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    PAUL CORNOYER (American, 1864-1923)
    Early Evening, Empire Park, New York, circa 1910
    Oil on canvas
    18 x 24 inches (45.7 x 61.0 cm)
    Signed lower left: Paul Cornoyer


    Private collection, New York;
    Private collection, Ho-Ho-Kus, New Jersey;
    Owen Gallery, New York;
    Private collection, acquired from the above, 2003;
    Hawthorne Fine Art, New York;
    Acquired by the present owner from the above, 2009.

    Paul Cornoyer is best known for his elegant and atmospheric paintings of turn-of-the-century New York. Born in Saint Louis, Cornoyer began his artistic education at the Saint Louis School of Art, painting in the Barbizon style then in vogue. By 1889 he had saved enough money to study in Paris, where he attended the Académie Julian under Jules-Joseph Lefebvre, Louis Blanc, and Benjamin Constant. Like many students of Constant and Lefebvre, Cornoyer adopted elements of a Tonalist style, but the Impressionists, and later the Ash Can School, also influenced him, especially in his preference for urban scenes. He returned to Saint Louis in 1894 but moved to New York in 1898 at the encouragement of William Merritt Chase. There Cornoyer associated with the leading artists of the day, including Thomas Wilmer Dewing, John Henry Twachtman, Julian Alden Weir, and Childe Hassam, and made his reputation as a painter of the city's fashionable districts.

    Cornoyer often painted views of places that were just a short walk from his studio on West 57th Street, like the Plaza Hotel and Columbus Circle. It was probably on one of these walks that Cornoyer set up his easel at the corner of West 65th Street and Broadway to paint Early Evening, Empire Park, New York. Looking southwest past the small triangular park formed by the intersection of Broadway, Columbus Avenue, and West 63rd Street, Cornoyer depicts the old Hotel Empire at 63rd and Broadway on the left, the Ninth Avenue elevated railroad that ran down Columbus on the right, and the Church of Saint Paul the Apostle at 60th and Columbus in the distance. The church and the park (now known as Dante Park) are the only elements of the picture that remain today; the Hotel Empire was rebuilt in 1922, the "El" was dismantled in 1940, and Lincoln Center was built from 1962 to 1968 where the buildings on the right stood.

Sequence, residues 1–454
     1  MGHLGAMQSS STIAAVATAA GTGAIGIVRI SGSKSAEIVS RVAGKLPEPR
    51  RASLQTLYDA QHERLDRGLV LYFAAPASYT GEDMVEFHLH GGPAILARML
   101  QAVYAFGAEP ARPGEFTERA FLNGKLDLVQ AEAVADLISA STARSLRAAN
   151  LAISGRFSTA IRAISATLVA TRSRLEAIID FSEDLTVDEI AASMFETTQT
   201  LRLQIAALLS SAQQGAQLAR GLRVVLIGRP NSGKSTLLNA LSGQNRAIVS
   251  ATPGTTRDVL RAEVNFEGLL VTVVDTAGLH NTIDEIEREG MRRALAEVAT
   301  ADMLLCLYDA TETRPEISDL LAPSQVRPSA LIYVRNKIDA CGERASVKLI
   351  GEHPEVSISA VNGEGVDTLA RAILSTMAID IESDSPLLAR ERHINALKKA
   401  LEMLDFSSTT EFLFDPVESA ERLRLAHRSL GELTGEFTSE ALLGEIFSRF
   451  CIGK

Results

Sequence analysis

Early Evening, Empire Park, New York shows the clear stylistic influence of the Ash Can School, although Cornoyer retains an emphasis on the atmosphere of the scene rather than on its subject matter. The trees and architectural forms silhouetted against the fading daylight are an enduring Tonalist element in Cornoyer's style, and this effect, along with the expressive brushwork in the sky, gives the painting much of its power. But true to his urban subject, Cornoyer depicts the band of electric lights at street level, and he includes four figures crossing Broadway, perhaps on their way home from the 66th Street "El" stop. One of Cornoyer's most artistic works, Early Evening, Empire Park, New York surpasses his typical New York scenes in its successful synthesis of styles and its strong mood.

    More information about PAUL CORNOYER, also known as Cornoyer, Paul, Paul Cornoyer.

    Condition Report*: Unlined canvas; minor frame wear; old varnish layer; under UV exam, appear to be several flecks of minor inpainting in street in lower right quadrant. Framed Dimensions 28.75 X 34.75 Inches
    *Heritage Auctions strives to provide as much information as possible but encourages in-person inspection by bidders. Statements regarding the condition of objects are only for general guidance and should not be relied upon as complete statements of fact, and do not constitute a representation, warranty or assumption of liability by Heritage. Some condition issues may not be noted in the condition report but are apparent in the provided photos which are considered part of the condition report. Please note that we do not de-frame lots estimated at $1,000 or less and may not be able to provide additional details for lots valued under $500. Heritage does not guarantee the condition of frames and shall not be liable for any damage/scratches to frames, glass/acrylic coverings, original boxes, display accessories, or art that has slipped in frames. All lots are sold "AS IS" under the Terms & Conditions of Auction.

    Auction Info

    Auction Dates
    December, 2013
    5th Thursday
    Bids + Registered Phone Bidders: 1
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